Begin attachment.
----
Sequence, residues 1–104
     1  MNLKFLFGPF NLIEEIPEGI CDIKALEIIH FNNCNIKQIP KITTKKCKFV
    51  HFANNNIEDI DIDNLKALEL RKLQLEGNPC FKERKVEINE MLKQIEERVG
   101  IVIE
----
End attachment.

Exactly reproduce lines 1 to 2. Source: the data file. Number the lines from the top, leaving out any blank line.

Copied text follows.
Sequence, residues 1–104
     1  MNLKFLFGPF NLIEEIPEGI CDIKALEIIH FNNCNIKQIP KITTKKCKFV